Chris Callaghan, author of The Great Chocoplot and dad to Trinity, writes about the power of the walk to school and why he would urge anyone to give it a go this Walk to School Week.
I’ve always been a massive believer in the ‘Walk to School’ ethos. Walking to work helped me be much more prepared and ready to start the day and I wanted the same for my daughter so, when the time came for her to start school, we moved house specifically so that she’d be able to walk. I’ve walked with her ever since and loved it.
I expected the walk to offer the usual benefits: a chance to blow away the cobwebs, financial savings of leaving the car at home, that sort of thing. The time we’ve got to spend together has been the biggest bonus though. I like the aimlessness of it all. Free from any other distractions we really get to speak with each other. I find out what’s happening at school, she gets the chance to ask me (sometimes challenging) questions about the world and we chat about stories and crazy characters.
It was actually thanks to these conversations that I started to write ideas down for a book. This developed into The Great Chocoplot, my first children’s book, which was published this year. Walking has been a great way to get those creative juices flowing and it’s the same for Trinity too. She’s told me that walking wakes her up and gives her more energy for the school day, especially compared to her driven school friends who, according to Trinity, always seem more tired.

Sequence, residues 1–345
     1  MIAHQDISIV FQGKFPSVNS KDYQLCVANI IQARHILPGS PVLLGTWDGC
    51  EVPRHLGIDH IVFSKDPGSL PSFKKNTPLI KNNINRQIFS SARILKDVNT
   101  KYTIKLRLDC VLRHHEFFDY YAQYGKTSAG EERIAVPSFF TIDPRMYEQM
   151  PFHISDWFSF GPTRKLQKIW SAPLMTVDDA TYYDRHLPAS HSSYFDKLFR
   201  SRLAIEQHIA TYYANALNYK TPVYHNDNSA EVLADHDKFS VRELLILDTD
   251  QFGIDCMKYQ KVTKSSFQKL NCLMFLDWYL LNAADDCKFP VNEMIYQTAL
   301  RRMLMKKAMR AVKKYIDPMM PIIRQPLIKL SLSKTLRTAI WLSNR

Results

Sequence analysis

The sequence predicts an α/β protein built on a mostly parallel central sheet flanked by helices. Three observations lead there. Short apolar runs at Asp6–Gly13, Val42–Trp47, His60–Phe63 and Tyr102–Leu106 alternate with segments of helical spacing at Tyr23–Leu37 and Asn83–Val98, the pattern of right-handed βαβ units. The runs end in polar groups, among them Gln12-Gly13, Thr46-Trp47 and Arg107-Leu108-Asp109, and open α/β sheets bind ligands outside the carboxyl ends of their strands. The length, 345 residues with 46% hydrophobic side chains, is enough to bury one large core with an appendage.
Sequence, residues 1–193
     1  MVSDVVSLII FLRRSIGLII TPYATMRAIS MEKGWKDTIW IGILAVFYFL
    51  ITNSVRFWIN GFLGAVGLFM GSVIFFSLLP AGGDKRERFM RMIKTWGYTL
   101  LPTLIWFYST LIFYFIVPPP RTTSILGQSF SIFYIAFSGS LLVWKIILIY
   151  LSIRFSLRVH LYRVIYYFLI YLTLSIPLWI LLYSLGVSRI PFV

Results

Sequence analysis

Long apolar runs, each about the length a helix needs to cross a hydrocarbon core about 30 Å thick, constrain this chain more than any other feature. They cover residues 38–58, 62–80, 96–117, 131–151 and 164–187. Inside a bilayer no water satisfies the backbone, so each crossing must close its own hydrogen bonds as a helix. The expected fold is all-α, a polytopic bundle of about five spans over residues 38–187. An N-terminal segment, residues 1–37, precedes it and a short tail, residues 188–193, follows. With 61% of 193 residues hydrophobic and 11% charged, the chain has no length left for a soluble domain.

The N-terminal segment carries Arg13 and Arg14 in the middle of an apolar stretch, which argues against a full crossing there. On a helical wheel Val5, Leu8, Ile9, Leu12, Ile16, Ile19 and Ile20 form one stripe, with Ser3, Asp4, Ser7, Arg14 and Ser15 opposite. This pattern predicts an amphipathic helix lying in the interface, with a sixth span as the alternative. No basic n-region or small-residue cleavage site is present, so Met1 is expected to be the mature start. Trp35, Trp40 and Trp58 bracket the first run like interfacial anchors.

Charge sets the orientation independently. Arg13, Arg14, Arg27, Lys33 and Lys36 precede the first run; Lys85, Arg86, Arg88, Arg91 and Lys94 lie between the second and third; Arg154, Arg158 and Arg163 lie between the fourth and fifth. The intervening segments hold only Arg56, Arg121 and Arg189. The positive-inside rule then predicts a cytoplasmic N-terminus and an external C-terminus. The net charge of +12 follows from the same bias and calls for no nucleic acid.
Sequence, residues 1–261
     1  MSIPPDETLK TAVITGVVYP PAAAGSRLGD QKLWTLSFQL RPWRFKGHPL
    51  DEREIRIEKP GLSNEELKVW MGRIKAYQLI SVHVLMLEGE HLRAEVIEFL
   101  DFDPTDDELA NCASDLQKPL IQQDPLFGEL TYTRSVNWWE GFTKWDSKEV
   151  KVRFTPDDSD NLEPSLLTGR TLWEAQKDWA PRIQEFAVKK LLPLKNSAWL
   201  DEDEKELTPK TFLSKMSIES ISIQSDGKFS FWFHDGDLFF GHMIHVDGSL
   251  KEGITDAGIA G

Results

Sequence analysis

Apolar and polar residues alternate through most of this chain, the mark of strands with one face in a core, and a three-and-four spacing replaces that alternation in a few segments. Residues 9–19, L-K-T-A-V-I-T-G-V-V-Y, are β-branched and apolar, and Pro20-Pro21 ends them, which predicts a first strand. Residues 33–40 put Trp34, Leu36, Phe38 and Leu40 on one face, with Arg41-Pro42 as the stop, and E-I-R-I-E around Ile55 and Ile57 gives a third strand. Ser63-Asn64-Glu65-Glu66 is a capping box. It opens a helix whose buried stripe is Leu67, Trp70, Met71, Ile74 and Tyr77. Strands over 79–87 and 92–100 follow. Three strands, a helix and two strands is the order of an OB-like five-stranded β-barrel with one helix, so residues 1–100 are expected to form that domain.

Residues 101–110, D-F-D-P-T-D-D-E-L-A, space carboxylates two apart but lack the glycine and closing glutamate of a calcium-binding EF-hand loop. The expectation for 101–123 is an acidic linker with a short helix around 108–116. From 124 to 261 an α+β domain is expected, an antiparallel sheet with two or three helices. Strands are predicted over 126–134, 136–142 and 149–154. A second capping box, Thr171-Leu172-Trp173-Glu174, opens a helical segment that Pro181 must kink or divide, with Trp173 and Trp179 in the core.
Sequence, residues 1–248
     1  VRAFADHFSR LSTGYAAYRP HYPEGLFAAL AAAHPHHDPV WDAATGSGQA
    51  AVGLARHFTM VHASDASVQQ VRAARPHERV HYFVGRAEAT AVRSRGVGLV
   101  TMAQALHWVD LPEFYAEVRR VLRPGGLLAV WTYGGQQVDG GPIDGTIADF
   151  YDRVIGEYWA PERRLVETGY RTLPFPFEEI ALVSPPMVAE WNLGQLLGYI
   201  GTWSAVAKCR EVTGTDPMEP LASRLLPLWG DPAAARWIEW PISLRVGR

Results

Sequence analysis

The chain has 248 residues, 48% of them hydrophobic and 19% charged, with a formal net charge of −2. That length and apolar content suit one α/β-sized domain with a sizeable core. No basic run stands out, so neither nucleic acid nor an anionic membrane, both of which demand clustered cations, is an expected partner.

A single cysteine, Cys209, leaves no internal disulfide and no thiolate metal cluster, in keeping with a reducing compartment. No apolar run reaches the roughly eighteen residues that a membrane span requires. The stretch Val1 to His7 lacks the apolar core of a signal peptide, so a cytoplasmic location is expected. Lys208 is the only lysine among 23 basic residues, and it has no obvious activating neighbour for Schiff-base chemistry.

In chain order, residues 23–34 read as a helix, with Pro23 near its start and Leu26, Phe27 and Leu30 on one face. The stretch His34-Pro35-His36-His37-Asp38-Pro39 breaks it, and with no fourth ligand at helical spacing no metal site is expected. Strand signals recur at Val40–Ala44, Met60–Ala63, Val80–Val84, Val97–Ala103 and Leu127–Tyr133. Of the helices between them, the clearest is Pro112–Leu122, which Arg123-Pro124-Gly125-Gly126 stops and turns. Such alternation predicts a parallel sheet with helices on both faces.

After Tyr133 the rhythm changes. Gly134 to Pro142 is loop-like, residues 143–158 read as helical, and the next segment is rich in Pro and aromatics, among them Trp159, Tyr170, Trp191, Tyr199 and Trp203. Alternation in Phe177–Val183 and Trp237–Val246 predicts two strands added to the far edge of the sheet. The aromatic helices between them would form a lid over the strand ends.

We regularly pass people on our way who are putting their children into the car to get them to the same school, despite living closer than we do. I understand that families have other commitments and time pressures but I would often see them driving back to their house when I walked home from dropping Trinity off. It’s sad; they’re missing out on valuable time with their little ones.
Trinity starts secondary school in September. I’m really going to miss walking with her but everything we’ve gained – a strong relationship, a healthy habit for life (not to mention a published book!) – will continue to benefit us for many years to come.
I like getting up for school on a morning because I know that I’m going to spend time with my dad on the way. During the day I am looking forward to the end of school because I know I am going to get to talk to him on our way home. It has always been my favourite part of the day.